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I'm a new bee to C++. I'm having below errors when tying to compile below templates example copied from "Essential C++", I simply copied the example on the book.

"error : expected ',' or '...' before '< ' token" "error : 'vec' was not declared in this scope

I was wondering what could be the problem, could you help spare some time to give a hint? so much appreciate!

'''

#include <iostream>

template <typename elemType>
void display_message(const string &msg, const vector<elemType> &vec)
{
    cout << msg;
    for(int ix = 0; ix < vec.size(); ++ix)
    {
        elemType elem = vec[ix];
        cout << elem << ' ';
    }
}
int main()
{
    int size = 10;
    ocnst vector<int> ivec1 = fibon_seq(5);
    if (is_size_ok(size))
    {
        display_message(msg, size);
    }
    display_message(msg, ivec1);
    cout << "Hello world!" << endl;
    return 0;
}

'''

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  • As a hint about your problem: Where is the symbol vector defined or declared? – Some programmer dude Jan 17 at 6:54
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    Where is msg defined in main? Where are display_message, fibon_seq, and is_size_ok defined? display_message takes a string and a vector as arguments, you pass it a string and an int. – Nathan Pierson Jan 17 at 6:56
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There's a lot of issues with the code that prevent from compilation:

  1. The functions fibon_seq and is_size_ok are not defined. You have to define them in this file or include them with a #define macro.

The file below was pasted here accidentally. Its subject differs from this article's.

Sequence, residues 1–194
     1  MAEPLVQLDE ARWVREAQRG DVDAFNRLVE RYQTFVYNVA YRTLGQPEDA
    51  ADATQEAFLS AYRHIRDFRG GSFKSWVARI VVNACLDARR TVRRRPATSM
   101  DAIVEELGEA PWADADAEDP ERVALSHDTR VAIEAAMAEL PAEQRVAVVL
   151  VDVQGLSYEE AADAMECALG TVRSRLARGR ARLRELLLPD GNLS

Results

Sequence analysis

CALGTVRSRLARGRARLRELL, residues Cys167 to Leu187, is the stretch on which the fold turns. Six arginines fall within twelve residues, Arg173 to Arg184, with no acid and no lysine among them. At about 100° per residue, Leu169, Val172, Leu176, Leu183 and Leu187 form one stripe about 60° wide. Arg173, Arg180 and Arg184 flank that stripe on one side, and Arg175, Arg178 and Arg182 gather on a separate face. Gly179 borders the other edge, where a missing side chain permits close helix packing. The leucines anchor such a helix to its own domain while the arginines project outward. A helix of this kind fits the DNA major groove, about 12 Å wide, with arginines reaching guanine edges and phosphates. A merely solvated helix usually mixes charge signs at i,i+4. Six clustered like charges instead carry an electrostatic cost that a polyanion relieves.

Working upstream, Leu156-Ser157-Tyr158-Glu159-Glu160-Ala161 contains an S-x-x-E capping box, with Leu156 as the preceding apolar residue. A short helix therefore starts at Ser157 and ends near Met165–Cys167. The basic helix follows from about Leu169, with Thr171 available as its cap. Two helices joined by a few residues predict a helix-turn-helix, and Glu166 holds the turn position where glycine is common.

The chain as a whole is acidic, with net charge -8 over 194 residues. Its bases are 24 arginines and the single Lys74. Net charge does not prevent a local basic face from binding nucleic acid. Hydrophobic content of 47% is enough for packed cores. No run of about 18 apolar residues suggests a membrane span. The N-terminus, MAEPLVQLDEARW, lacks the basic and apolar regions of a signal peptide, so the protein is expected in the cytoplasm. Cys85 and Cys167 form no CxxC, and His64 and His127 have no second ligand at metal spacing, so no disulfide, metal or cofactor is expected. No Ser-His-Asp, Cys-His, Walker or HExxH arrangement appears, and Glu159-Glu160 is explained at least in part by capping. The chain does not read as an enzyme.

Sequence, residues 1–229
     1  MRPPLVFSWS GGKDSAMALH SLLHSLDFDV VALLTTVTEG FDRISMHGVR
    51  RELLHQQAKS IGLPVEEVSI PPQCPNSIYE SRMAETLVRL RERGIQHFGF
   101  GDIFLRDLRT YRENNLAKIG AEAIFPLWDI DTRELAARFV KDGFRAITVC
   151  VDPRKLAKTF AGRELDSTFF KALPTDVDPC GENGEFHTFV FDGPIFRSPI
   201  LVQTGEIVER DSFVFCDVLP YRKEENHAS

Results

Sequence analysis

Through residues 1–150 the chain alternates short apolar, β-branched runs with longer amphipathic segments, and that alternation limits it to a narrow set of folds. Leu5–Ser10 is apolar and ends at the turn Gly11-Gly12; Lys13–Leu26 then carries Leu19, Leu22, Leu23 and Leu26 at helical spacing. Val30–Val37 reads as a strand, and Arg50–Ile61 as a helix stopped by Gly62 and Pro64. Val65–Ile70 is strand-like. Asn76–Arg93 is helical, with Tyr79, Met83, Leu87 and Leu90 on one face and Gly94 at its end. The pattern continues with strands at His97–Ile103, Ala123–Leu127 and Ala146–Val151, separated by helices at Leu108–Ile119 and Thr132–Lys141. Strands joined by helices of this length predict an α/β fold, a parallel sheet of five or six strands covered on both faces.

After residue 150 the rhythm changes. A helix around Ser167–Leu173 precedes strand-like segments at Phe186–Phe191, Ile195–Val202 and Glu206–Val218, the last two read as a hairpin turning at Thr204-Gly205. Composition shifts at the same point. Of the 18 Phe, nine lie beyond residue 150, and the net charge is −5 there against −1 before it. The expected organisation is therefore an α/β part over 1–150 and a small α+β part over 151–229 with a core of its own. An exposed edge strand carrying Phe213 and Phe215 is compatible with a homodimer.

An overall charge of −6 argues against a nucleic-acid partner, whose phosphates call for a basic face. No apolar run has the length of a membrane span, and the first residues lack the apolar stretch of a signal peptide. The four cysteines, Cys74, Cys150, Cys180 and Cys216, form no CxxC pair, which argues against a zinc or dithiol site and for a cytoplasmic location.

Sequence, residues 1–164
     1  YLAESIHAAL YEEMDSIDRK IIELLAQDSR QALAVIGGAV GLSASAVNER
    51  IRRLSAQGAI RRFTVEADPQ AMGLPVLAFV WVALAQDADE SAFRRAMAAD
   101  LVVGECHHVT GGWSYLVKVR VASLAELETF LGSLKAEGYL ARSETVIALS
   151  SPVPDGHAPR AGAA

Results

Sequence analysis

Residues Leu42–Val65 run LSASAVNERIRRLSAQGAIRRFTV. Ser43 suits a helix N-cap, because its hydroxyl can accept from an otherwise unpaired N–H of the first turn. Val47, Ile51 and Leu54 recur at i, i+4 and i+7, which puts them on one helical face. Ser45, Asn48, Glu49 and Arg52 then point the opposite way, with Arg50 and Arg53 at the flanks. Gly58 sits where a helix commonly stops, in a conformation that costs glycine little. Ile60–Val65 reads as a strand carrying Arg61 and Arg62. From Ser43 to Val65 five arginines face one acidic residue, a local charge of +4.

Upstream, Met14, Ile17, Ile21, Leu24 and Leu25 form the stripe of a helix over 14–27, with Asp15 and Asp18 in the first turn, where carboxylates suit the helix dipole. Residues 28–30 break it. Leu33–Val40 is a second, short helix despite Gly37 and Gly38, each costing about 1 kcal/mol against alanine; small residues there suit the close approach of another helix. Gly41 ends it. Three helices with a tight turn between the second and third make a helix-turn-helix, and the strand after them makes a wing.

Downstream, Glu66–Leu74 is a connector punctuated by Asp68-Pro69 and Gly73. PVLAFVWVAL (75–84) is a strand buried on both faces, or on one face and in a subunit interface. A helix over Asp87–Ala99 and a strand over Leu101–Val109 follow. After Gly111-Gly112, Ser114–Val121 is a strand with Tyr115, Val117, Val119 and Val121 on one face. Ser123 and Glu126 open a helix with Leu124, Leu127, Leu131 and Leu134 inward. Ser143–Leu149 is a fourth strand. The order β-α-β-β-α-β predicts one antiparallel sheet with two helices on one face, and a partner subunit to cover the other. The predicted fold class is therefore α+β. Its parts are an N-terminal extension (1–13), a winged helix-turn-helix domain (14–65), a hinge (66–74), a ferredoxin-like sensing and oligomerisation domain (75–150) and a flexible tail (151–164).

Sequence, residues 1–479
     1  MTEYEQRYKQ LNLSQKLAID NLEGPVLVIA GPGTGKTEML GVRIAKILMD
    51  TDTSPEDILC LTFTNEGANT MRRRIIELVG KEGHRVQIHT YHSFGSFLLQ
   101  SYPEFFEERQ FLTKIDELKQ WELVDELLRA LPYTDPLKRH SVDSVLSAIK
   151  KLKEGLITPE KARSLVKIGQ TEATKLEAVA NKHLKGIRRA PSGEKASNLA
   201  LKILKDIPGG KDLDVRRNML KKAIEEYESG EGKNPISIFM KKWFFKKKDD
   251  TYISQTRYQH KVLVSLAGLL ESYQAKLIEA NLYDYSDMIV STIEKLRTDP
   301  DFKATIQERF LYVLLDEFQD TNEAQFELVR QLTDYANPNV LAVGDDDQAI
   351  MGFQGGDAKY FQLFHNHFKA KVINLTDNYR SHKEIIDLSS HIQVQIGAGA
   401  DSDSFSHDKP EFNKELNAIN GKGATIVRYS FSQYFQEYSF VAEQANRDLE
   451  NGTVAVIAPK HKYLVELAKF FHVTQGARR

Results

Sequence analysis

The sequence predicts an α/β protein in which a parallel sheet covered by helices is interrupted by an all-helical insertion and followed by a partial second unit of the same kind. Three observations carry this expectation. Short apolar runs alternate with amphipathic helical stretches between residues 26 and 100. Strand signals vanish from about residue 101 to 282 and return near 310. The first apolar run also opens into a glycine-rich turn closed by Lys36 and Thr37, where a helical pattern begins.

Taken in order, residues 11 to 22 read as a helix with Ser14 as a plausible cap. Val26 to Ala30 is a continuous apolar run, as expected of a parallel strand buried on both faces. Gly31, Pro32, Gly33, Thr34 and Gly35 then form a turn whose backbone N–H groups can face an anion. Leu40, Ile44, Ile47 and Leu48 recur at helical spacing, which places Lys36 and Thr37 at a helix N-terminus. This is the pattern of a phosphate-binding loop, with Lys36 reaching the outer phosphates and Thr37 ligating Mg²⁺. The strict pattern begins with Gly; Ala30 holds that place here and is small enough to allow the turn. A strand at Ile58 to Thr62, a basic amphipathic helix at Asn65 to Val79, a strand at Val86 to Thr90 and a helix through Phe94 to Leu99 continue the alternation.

2. The code appears to be including the std namespace. You need to include this with using namespace std;, usually at the beginning of the code, after library includes.
  3. The variable msg is passed as an argument in a function, but it's not defined.
  4. This function call display_message(msg, size); is being passed the wrong argument. size is an integer, but the function expects vector<int>. 5.ocnst is a typo. It should be const.
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    "include them with a #define macro". You meant #include directive. – Jarod42 Jan 17 at 9:12
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There are a few problems with your code:

  1. ocnst should be const.
  2. Missing #include <string>
  3. Missing #include <vector>

The last one is the likely cause of that particular error.

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Thank you so much for your time and generous help!H How embarrassed, I did forgot to add #include since I copied the code from previous code. "essential C++" seems a good book that recommend by many ppl. I'm still trying to familalize the language. if you think there is better material, please give me a piece of advise, Thanks!

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